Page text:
A butterfly garden is one of the most satisfying gardens one can plant. Once the correct plants are added to a garden, butterflies will begin visiting and reproducing in your own yard!
These two photos show what a transforming change can happen in your yard when you plan a butterfly garden.
There are several important things that need to be considered when planning a butterfly garden.
1) Which species of butterflies (and moths) are natural in your state/area?
2) Upon which host plants do those butterflies lay eggs?
3) Which plants produce nectar for butterflies?
4) Pesticide/insecticide use is deadly to butterflies.
5) If someone in the family or who visits the family is deadly allergic to bees or wasps, which plants should be avoided?
6) If the yard has children or pets, which non-thorn host plants can be substituted for those that have thorns? (Example: Hercules’ Club trees have large and small thorns. Hop Tree does not have thorns and is a host for the same butterfly as Hercules’ Club.)
Host plants should be the backbone of a butterfly garden. Host plants are the plants upon which butterflies lay their eggs. Once their eggs hatch, the caterpillars will eat the plants. If you want all neat and nice plants, you can plant your host plants in the back row or in an area of your yard that people will not visit. If you are interested in watching caterpillars as they chow down and grow, plant host plants next to your walkways and garden benches.
Some species of butterflies use trees as host plants. For smaller yards, trees can be grown in pots to keep them growing slower. Some species of trees planted in the ground can often be cut to 12″ high in the winter. Those that can be cut will reward you with fresh growth, sprouting from the stump, in the spring. Cutting trees in the winter keeps the new growth short and about eye level. This means you can find and watch caterpillars with ease.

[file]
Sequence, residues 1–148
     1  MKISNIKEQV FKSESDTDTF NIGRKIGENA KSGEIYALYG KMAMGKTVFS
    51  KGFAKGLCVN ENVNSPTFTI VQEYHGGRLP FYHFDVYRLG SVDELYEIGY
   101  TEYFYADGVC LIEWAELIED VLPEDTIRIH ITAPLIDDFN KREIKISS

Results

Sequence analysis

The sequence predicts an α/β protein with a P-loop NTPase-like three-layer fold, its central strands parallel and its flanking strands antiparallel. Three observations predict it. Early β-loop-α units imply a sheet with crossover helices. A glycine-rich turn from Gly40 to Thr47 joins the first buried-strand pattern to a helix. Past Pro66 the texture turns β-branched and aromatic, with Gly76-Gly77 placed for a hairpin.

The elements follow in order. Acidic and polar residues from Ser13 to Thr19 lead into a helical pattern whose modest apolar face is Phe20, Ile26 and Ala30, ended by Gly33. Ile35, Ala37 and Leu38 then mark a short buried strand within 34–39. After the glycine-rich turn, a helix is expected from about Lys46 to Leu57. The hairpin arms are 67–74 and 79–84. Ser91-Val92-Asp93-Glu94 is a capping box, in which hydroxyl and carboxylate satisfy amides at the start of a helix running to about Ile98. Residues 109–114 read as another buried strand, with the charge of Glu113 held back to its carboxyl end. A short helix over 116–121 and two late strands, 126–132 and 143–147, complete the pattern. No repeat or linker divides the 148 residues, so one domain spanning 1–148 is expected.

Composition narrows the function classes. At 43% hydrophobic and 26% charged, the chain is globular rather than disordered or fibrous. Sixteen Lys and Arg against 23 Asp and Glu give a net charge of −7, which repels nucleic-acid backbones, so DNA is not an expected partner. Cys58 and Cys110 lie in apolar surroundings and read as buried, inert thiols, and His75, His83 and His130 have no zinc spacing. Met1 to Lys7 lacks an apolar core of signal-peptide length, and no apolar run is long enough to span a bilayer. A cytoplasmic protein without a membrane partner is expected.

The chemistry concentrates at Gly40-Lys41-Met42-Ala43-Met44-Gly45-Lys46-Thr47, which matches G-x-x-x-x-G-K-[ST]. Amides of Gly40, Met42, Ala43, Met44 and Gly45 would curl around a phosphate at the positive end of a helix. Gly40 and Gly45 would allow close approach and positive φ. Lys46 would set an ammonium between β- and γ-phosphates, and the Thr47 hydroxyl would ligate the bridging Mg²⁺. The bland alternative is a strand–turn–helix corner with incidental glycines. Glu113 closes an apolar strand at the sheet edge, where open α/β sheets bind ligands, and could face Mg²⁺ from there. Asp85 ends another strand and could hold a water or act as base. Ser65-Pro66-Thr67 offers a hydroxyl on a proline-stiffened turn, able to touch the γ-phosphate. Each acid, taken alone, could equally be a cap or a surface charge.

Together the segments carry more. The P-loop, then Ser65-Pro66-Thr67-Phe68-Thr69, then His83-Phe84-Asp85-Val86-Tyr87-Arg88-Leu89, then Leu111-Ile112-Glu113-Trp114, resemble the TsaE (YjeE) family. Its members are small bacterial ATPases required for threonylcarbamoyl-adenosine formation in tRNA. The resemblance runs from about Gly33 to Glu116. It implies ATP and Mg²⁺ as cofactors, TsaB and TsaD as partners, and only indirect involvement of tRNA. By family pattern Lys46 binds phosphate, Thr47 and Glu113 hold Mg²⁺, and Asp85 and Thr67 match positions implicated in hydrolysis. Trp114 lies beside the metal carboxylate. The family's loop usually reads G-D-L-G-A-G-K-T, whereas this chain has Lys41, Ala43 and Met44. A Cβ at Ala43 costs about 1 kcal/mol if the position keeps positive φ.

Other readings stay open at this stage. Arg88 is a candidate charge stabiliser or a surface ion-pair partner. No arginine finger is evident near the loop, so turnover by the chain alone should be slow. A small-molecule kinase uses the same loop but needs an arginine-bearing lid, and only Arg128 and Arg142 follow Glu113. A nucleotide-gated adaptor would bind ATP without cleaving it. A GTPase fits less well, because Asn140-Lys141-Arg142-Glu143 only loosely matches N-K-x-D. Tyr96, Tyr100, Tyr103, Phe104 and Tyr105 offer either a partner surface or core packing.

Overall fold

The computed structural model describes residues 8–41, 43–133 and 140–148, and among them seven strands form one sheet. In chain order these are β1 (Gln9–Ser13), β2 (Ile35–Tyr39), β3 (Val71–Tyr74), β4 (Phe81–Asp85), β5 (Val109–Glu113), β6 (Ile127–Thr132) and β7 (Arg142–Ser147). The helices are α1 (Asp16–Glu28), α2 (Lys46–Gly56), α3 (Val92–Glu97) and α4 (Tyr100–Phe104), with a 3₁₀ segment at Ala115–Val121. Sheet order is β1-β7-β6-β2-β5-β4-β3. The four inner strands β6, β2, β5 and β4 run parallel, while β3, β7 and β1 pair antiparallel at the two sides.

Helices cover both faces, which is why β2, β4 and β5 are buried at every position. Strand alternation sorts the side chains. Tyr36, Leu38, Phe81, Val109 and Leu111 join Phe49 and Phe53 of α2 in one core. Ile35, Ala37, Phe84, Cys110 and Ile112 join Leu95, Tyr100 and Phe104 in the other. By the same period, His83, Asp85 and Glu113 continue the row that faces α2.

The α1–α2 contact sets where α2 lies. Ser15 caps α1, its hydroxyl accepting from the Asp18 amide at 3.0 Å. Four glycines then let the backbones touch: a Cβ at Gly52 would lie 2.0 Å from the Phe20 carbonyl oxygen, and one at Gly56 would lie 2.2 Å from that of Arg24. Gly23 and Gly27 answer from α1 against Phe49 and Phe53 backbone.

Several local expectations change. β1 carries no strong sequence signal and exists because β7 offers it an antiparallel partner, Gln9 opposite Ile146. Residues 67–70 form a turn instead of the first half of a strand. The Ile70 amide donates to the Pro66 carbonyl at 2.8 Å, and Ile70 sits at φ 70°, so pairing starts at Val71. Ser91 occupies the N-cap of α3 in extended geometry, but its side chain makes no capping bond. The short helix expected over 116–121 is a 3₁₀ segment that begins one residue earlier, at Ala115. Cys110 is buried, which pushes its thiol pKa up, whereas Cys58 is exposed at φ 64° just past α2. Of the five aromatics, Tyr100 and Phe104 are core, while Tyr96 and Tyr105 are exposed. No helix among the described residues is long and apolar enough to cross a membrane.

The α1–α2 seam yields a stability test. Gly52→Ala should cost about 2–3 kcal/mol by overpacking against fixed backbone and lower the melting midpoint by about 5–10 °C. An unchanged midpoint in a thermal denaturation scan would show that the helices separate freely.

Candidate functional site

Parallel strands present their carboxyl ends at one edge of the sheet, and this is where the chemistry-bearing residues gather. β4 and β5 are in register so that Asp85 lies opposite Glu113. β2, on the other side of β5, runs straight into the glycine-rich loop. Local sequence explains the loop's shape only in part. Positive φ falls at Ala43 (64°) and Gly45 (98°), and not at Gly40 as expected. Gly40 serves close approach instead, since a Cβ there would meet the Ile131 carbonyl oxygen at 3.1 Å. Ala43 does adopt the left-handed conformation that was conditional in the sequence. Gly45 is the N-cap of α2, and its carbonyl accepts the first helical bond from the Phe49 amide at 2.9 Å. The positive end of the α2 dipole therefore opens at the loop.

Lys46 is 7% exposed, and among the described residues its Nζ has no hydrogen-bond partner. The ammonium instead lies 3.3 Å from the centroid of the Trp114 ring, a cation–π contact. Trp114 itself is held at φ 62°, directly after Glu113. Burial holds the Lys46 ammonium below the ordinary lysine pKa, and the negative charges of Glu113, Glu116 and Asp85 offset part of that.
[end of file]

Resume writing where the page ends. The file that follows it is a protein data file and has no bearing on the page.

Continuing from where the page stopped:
Nectar plants are flowering plants. Some flowering plants do not produce nectar. Other flowering plants will produce nectar that attracts and feed many butterflies. It is wise to check and see if some flowering plants are invasive in your area. What grows well and doesn’t spread in one state may take over a small garden in another state.
Some species of butterflies prefer to drink from over-ripe fruit than from flower nectar. You can grow fruit bushes or fruit trees for butterflies. You can also add fruit to your garden. When you cut up fruit and throw away or compost the peelings and seeds, you can place these fruit parts in a dish or hang them from a tree in a bird suet feeder to attract and feed those butterflies.
Butterfly Houses are beautiful garden decorations. They rarely, if ever, help butterflies. In our area, they house wasps, dirt dobbers, lizards, scorpions, and spiders. In the winter, some species of butterflies do spend the winter into tight cracks in wood piles and other items but we have never heard of a documented case of a butterfly using a butterfly house in the winter. Butterflies won’t enter the houses as it isn’t their instinct to go into dark boxes. DO buy or make them for a fun or beautiful garden decoration. Do NOT buy or make one with the expectation of the house helping butterflies.
Male butterflies ‘puddle’; they drink water from the soil to gain salts and nutrients that female butterflies do not need. You can provide an area for them to puddle by placing some composted cow manure in an area that stays damp. When you use composted manure to fertilize and improve your soil, leave a bit of it uncovered for male butterflies to enjoy.
Chairs and benches are almost essential! People who enjoy butterflies find themselves spending some of their rest or reading time sitting in the garden.